At the height of his popularity in the 1980s, Norris teamed with animation company Ruby-Spears for an animated series, Chuck Norris: Karate Kommandos. The show featured Norris and a team of martial artists fighting villains like Superninja and The Claw. Although 65 shows were planned, just a few aired. “We only did six of them, and then a woman at CBS said, ‘Those are too violent,’” Norris told MTV News in 2009.

7. Chuck Norris is a real Texas Ranger.

For eight seasons, Norris pummeled bad guys as the star of the 1990s CBS television series Walker, Texas Ranger, which became the first primetime show shot on location in Texas at Norris’s insistence. In 2010, Norris was named an honorary member of the Texas Rangers by state governor Rick Perry in acknowledgment of Norris’s work in raising awareness for the elite unit and for his work helping underprivileged youths via martial arts programs. Norris’s brother, Aaron Norris, who was an executive producer on the show, also received the designation.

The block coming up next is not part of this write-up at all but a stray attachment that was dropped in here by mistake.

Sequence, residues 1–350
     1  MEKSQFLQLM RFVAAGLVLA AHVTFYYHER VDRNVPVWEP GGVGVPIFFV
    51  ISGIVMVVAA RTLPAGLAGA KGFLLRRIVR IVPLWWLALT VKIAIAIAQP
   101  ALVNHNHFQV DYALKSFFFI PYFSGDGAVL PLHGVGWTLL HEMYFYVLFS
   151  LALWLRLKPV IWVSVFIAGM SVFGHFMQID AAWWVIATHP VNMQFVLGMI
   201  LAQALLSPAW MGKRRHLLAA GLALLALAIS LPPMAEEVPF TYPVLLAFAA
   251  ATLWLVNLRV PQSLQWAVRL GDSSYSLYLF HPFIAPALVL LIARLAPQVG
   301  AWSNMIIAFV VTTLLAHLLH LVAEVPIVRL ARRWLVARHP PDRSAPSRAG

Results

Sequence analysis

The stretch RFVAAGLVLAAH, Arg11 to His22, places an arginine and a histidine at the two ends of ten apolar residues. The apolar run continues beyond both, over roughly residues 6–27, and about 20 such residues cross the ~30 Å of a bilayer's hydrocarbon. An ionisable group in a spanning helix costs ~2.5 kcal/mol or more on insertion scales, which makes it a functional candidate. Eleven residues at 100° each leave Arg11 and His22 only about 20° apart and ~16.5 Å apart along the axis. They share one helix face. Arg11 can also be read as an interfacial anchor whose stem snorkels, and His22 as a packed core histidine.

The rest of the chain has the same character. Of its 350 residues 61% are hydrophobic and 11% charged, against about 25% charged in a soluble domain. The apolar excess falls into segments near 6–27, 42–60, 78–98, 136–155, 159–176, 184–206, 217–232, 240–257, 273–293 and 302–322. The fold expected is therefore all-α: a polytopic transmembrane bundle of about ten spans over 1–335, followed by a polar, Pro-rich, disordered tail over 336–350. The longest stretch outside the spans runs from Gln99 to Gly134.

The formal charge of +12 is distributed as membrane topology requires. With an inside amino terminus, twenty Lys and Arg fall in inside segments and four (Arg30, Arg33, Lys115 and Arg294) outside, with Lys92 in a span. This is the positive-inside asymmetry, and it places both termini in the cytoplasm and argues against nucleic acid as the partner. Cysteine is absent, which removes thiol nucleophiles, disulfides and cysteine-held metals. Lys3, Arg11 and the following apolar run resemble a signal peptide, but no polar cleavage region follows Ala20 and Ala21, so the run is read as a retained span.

8. Chuck Norris’s role in Dodgeball was a surprise to Chuck Norris.

Norris is generally good-humored about his persona and is often willing to poke fun at himself. But when he was asked to do a cameo in the 2004 comedy Dodgeball: A True Underdog Story, he passed because he didn’t feel like driving three hours to the movie’s set in Long Beach, California. When star Ben Stiller called to ask personally, Norris agreed, but didn’t read the script. He simply shot his scene where he offers a thumbs-up to the dodgeball competitors.

When Norris saw the movie in theaters, he was surprised at the context. “But in the end, when Ben’s a big fatty and watching TV, the last line of the whole movie is, ‘F***in’ Chuck Norris!,'” Norris told Empire in 2007. “My mouth fell open to here… I said, ‘Holy mackerel!’ That was a shock, Ben didn’t tell me about that!”